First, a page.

Honey is one of the world’s greatest treasures. With tons of health benefits and endless varieties, it’s good enough to use as your preferred sweetener and makes granulated sugar the unfortunate side hoe. This golden nectar is even better when bought locally, and people commonly use it in hopes to reduce their seasonal allergies.
The idea is, since the honey is made from local pollen, consuming it will help alleviate symptoms by building immunity – almost like a vaccine. By basically exposing yourself to the very thing that triggers your allergies, you’ll be less sensitive and more tolerant of them.
Sadly, there are no significant findings that make this claim true. Studies have been done, but they show that having local honey doesn’t have much of an effect on seasonal allergy symptoms. In fact, it has pretty much the same impact as eating commercial honey.
Bees actually make honey primarily from nectar, with the pollen being an accidental supplement carried along by their legs. This incidental amount, while able to pollinate flowers, doesn’t add anything much in terms of health benefits. It looks like it just contributes to a gritty texture after all.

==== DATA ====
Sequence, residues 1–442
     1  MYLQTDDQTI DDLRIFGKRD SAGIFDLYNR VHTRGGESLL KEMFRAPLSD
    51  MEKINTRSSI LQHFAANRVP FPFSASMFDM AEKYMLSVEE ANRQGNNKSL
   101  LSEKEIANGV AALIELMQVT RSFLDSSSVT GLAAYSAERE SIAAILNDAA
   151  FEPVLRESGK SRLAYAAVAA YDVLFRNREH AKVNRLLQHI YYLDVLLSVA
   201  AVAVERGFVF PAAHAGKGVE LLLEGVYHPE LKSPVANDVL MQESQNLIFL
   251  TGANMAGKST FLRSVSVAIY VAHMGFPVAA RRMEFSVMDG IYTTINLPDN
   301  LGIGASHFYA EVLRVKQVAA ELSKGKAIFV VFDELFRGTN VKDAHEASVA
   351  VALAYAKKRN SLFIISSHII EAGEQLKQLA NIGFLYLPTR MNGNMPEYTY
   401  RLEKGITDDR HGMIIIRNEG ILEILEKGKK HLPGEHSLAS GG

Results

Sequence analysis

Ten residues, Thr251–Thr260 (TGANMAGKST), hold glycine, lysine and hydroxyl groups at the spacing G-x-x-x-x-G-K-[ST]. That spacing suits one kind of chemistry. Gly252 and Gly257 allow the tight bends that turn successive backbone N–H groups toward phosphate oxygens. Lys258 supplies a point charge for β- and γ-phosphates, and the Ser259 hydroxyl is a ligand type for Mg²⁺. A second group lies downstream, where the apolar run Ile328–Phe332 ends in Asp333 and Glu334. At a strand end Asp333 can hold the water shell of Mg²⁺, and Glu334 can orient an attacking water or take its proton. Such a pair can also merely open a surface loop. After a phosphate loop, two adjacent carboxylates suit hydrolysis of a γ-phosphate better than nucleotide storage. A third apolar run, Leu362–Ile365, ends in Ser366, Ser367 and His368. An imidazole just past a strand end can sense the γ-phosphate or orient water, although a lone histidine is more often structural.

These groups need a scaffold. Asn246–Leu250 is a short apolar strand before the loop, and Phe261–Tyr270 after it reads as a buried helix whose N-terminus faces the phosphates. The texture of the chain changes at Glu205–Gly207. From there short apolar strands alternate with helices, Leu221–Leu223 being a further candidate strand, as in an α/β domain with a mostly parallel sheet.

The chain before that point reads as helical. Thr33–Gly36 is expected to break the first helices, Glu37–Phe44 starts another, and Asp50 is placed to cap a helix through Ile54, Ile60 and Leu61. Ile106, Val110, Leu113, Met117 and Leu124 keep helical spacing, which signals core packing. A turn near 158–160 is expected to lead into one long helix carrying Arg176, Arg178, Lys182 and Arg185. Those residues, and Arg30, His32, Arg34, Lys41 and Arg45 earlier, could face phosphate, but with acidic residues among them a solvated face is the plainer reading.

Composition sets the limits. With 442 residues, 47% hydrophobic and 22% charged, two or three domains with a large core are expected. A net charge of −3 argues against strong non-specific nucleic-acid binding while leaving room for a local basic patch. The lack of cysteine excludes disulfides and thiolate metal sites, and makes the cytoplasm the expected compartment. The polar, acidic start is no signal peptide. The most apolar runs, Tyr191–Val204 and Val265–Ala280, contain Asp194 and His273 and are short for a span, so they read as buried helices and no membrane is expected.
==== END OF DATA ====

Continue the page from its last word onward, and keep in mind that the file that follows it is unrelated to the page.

But what’s more interesting is that the pollen found in honey, though minimal, isn’t the same kind of honey that causes you to go into sneezing fits. Bees rely on flowering plants for honey production, which produce pollen that’s far too large to make us irritated. Rather, we’re affected by wind-pollinated plants, including maple, oak, grasses, and weeds. As the wind blows, these tiny specs find their way in our nasal passages and unleash an allergy fury. Don’t underestimate the power of tiny pollen.
In the grand scheme of things, you shouldn’t stop buying local honey. While pricier, you’re paying for quality that you just can’t find in those cute, bear-shaped bottles from a regular grocery store. Just remember: no matter how gritty your honey is from the pollen, it won’t help out your allergies.